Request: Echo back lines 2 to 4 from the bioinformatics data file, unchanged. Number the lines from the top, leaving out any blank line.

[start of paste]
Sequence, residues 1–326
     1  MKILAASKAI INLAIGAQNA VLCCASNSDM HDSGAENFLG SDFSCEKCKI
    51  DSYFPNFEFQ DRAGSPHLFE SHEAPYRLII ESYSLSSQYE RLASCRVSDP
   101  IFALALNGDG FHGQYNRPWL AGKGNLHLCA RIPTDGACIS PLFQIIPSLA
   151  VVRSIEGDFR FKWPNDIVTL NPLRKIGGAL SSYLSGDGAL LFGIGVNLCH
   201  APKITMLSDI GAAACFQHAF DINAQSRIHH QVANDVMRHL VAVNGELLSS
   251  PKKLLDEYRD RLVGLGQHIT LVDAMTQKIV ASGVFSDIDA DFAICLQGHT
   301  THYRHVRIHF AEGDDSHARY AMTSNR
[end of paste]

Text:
     1  MKILAASKAI INLAIGAQNA VLCCASNSDM HDSGAENFLG SDFSCEKCKI
    51  DSYFPNFEFQ DRAGSPHLFE SHEAPYRLII ESYSLSSQYE RLASCRVSDP
   101  IFALALNGDG FHGQYNRPWL AGKGNLHLCA RIPTDGACIS PLFQIIPSLA